Although our son Zach is 22 and has made incredible medical and neurological strides, he continues to experience varying degrees of Sensory Processing Disorder (SPD).  Essentially this means that sometimes he is under stimulated and can’t access the same type of sensory experience that I can, and that other times he is unable to integrate all the information coming to his brain and he gets overwhelmed.  Ok, this happens to me also, but I don’t react by losing control of my body (usually!)

And of course sometimes Zach is just fine.  But the real struggles with his ability to process information peaked durning his school aged years at which time we worked very consistently with a team of Occupational Therapists.  Their goal was to provide him with a “sensory diet” that would help him regulate how to manage a lack of inputs and also the overwhelm of too many.

In an attempt to better understand why Zach seemed to fall apart suddenly, become aggressive and throw/break/hit/scream without an apparent “cue” that I could identify, I attended a workshop where I could learn more about it.  As an exercise they had us wear gloves, then pass around different objects and see what it was like to try and “feel” them through our sense of touch.  It made a lasting impression on me as I started to open to what his day-to-day experience of the sensory world was like.  As a result I continued to seek out professional support for him to increase the quality of his day to day life (and ours!)

Our home became a bit of a therapeutic gym.  Lots of sensory objects and items to provide him with the “right” mix of stimulation.  We had a platform swing installed in the doorway of the kitchen which also turned into a hammock swing.  We had a glider in his room and a weighted blanket for his bed.  We brought therapeutic interventions to Zach’s day to day activities in an effort to help him regulate his experience.  It was a long slog in a way, but looking back it really helped.  

Present day, we are very sensitive to what’s happening with his brain and we try our best to only put Zach in situations he can likely manage.  He’s come a long way and we are very proud and grateful.  We have also learned to look for early clues that a meltdown is in the works and re-route the situation accordingly.

But let’s get back to the weighted blanket.  It’s not just for kids and not just for folks with sensory processing challenges.  I know this because recently I got my OWN weighted blanket and in that pursuit realized that over the last decade or two this experience of “deep pressure” particularly during sleep is a way to calm the nervous system and one that has become quiet popular.  Not only is it super warm (I like to keep the air temp quite low when I sleep) but it gives me a feeling of landing, of security, of being settled.

A diminutive version of this is warming or cooling neck wraps.  These are the soft but weighted shoulder wraps you can place around your neck and feel soothed.  They are popular at spas and massage venues, but more and more I notice people are using them at home.  The dynamic is the same.  The weight brings a sense of landing and security.  Check it out for yourself if you don’t know what your missing.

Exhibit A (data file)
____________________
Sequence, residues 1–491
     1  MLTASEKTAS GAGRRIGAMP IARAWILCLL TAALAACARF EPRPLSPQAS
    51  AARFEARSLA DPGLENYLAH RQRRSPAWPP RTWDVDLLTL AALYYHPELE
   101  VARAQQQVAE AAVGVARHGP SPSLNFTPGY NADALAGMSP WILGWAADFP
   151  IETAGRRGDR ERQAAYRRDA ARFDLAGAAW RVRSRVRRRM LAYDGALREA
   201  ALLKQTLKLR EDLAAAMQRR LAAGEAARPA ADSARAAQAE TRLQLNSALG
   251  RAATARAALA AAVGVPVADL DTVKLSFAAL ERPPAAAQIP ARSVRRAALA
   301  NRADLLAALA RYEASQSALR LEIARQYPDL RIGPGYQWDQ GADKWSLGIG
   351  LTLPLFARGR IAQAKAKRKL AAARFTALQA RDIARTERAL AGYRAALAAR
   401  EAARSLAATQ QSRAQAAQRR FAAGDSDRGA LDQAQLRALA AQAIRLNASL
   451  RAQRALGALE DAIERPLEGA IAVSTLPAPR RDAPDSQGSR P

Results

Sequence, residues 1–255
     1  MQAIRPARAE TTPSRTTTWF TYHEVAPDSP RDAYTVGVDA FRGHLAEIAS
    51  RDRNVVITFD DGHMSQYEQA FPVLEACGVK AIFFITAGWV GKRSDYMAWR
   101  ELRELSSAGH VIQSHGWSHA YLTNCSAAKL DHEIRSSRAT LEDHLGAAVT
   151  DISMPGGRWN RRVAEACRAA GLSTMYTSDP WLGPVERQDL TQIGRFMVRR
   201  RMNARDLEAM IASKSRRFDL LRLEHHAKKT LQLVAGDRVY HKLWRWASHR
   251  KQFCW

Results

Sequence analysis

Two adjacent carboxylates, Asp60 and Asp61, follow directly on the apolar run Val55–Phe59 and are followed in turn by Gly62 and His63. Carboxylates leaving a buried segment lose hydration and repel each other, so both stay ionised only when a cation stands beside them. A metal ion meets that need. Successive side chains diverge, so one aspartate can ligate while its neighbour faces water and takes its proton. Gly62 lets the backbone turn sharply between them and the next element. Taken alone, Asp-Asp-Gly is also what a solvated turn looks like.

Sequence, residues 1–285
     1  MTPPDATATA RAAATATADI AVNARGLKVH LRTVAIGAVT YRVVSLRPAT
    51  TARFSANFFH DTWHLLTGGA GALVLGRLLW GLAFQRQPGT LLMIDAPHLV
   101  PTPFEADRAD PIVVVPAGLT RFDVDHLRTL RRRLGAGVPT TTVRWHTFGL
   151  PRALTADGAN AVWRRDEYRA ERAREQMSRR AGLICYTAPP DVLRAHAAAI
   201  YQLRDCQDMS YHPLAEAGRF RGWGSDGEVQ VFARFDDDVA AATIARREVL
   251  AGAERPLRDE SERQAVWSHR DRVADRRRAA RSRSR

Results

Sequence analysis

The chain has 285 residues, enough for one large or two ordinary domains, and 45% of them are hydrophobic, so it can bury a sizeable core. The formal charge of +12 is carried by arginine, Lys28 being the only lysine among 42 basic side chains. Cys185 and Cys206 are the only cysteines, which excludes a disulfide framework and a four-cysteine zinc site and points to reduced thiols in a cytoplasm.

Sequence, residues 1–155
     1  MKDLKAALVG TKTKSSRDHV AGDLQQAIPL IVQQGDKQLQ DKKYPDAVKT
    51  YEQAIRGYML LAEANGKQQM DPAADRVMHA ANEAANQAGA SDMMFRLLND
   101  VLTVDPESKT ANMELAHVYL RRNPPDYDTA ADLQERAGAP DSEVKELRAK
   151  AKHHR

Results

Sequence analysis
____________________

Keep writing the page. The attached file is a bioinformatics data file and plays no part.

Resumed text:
Why should you care about your sensory experience?  And being able to land?  And feel secure?  Well because we are living in the most over stimulated, expedited, caffeinated, treadmill paced chaotic environment in human history.  There is more stimulation than ever, and our brains just aren’t designed to manage that much data on a continuous basis.

Best selling Author Yuval Noah Hirari writes in his book “21 Lessons for the 21st Century” that the super power of the 21st Century will be our ability to go deep, to go quiet, to sit in stillness and to manage the influx of algorithms and apps and cookies (not the yummy kind) and alerts and continual inputs that dominate our conscious mind.  I don’t know if I have developed my stillness practice to the level of it being my super power, but I know the weighted blanket helps “soothe” my neurology.

If this is all news to you, do not be alarmed.  We are all struggling in one way or another to find ways to protect our brilliantly wired brain and not overwhelm it, and this is just one avenue.  If you are so inspired, buy a neck wrap from Target or Bath & Body Works and see if 10 minutes of a heated, weighted neck wrap feels comforting.  Or perhaps one that has been in the freezer, that can also quiet the agitation that comes through our neck and shoulders as a result of stress.

This is a great way to check out your own ability to be still with the help of some sensory weight.  If you love it, try the blanket too!  But beware, the price of weighted blankets seems to be in sync with their increasing popularity so not a good idea to dive in until you have tried the neck wrap first.  I have heard people that don’t like the blanket say they feel suffocated, too hot and like they can’t move.

This is NOT the experience we are going for, so do your research before investing in what could end up feeling like a wrestling match you are losing while trying to rest.  Or at least check the return policy to make sure you have options if you hate it.

For you Oura ring lovers, my sleep scores have never been better.  Back to back days and weeks of sleep scores in the 90s, and heart rates in the low 50s are all the proof I need that Zach is not the only one who can benefit from what was once considered Occupational Therapy and is now just plain good sleep hygiene for those of us that love it.

Let us know if you try it and how it works out by leaving a comment!  This may be the only situation where I welcome the weight of the world on my shoulders, in a literal sense!

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